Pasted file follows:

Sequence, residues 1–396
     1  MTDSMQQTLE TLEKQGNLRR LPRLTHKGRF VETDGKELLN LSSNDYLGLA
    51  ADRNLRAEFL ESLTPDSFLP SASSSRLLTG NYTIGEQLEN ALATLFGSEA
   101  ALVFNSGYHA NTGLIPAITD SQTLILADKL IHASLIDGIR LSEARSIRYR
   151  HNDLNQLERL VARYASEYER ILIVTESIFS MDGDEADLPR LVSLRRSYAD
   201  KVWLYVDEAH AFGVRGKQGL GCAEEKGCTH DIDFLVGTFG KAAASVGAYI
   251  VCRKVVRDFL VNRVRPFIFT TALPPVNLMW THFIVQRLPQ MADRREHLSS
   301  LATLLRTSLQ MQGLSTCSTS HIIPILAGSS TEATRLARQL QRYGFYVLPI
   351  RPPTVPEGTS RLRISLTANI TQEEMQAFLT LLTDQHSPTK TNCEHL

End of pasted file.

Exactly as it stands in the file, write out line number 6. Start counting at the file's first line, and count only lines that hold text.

   201  KVWLYVDEAH AFGVRGKQGL GCAEEKGCTH DIDFLVGTFG KAAASVGAYI